Katie Scharra and Katy Meyers working on the West Circle Steam II project
Katie Scharra and Katy Meyers working on the West Circle Steam II project

I graduated from MSU in December 2012.  During the following spring and summer, I was both a Laboratory Intern and Summer Survey Crew Member with Campus Archaeology.  My focus during my time as a Laboratory Intern was on creating a functional classification for the artifacts from Saint’s Rest.  The aim was to create an interpretation of the collection that the public could identify and engage with.  Creating this personal bridge between the artifacts and the public became very important to me at this time and is now my biggest motivation.

After deciding to move to Detroit to be closer to my family, I was encouraged to check out Wayne State University’s program by none other than Kate Frederick.  I was fortunate enough to join the Unearthing Detroit project.  This is a collections-based research project which reanalyzes collections recovered from the salvage digs in the mid-1900s. Our biggest and most researched collection comes from the construction of the Renaissance Center.  Like the collections at Michigan State, these are historic artifacts dating to the 19th Century.  They are the artifacts from family households, hotels, a marketplace, bars, and boarding homes for the working class of trade commerce on the river and the Grand Trunk Railroad.  The area, which is only about the size of  West Circle, tells us the story of a very diverse and continually changing community.  I also have enjoyed being able to compare this urban collection to that of my work in the Campus Archaeology collection.  It really illustrates the differences between urban and rural settings in the 1800s.

My main job on the Unearthing Detroit team is to develop public outreach.  This means I am the one who writes our weekly blog series, develops our face-to-face programs, and is constantly interacting with the public and other programs through social media.

This fall I will be beginning my Master’s in Anthropology here at Wayne State.  I will be exploring the different avenues of public outreach.  I hope to discover what are the advantages and disadvantages of public outreach and work towards creating efficient and useful methods.

You can follow the work of me and the Unearthing Detroit team through our blog, http://unearthdetroit.wordpress.com/, on twitter @UnearthDetroit, and our Facebook.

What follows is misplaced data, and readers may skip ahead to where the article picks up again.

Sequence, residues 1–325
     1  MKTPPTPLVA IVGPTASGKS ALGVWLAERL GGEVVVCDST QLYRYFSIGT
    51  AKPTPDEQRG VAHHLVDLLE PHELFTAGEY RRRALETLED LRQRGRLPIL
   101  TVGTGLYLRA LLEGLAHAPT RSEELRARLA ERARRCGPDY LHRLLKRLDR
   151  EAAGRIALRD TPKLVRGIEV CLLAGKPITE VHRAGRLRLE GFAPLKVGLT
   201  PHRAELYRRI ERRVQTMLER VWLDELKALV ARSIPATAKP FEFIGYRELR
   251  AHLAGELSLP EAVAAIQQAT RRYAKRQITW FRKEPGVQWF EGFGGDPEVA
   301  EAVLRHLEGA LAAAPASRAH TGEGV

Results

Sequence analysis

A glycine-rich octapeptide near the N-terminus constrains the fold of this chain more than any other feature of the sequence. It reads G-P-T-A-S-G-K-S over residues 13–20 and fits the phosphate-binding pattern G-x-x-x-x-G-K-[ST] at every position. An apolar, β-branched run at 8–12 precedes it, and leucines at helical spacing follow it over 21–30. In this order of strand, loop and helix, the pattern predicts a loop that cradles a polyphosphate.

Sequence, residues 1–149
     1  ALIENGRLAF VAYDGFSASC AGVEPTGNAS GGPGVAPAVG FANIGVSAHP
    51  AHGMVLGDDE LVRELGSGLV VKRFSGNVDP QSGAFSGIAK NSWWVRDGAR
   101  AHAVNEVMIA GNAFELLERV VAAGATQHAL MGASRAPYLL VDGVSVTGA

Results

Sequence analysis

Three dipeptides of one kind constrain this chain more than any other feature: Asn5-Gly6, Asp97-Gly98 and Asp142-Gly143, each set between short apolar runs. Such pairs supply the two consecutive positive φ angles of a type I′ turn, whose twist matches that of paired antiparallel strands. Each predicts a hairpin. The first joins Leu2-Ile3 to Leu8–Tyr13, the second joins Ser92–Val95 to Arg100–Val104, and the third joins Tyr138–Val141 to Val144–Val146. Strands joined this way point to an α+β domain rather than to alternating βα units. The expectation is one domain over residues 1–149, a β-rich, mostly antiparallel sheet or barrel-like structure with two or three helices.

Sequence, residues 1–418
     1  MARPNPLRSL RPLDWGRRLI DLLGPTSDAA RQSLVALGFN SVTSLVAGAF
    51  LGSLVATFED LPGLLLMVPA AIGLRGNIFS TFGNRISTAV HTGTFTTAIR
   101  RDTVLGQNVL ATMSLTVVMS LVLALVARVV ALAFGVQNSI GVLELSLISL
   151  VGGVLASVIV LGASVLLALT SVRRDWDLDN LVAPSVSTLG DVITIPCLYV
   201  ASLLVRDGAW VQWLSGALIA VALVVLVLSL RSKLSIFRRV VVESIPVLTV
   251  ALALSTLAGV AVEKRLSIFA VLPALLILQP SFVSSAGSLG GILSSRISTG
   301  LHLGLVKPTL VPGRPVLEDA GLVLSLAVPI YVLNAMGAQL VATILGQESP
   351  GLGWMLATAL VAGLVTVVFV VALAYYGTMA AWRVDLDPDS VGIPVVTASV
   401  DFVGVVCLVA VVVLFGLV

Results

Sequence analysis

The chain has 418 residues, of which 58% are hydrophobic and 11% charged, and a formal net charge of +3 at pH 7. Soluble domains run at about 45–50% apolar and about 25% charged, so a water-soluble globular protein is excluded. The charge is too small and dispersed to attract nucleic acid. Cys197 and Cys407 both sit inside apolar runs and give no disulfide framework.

Bethany Slon

I had the pleasure of working with CAP for two years, but sadly I had to say goodbye to the team last month, in order to pursue my research interests. Right now I am spending five months in Central Mexico, where I am assisting a Ph.D. student from the University of California Riverside with an excavation of a pre-Aztec elite residence.

Bethany working at her new site in Mexico
Bethany working at her new site in Mexico

We’ve only been digging for a couple of weeks, so a lot of what we are going to find is unclear, but I can say for sure that all of my experiences with CAP have really prepared me for what I’ve been here. I’m used to being on the digging side of things, but here I was entrusted to managing my own section of the excavation. This means that I have to use everything I’ve learned with CAP to make sure everything is perfect in regards to correct archaeology. This includes setting up grid units, taking substantial field notes, and directing my crew in ways that will be most efficient to the excavation. Thankfully. Campus Archaeology has taught me everything I need to know, and I will forever be thankful for the time I got to spend with CAP. As for future plans, I’ll be applying to graduate school while in Mexico, and I hope to be entering a graduate program in the fall of 2015.

Perceptions about Archaeology

Perceptions about Archaeology

As the only non-archaeologist graduate fellow in Campus Archaeology Program (I am a medical anthropologist in training), I wanted to investigate the attitudes that others outside the discipline have toward archaeology. Interestingly enough, when I tell people I am an anthropologist, it is usually assumed […]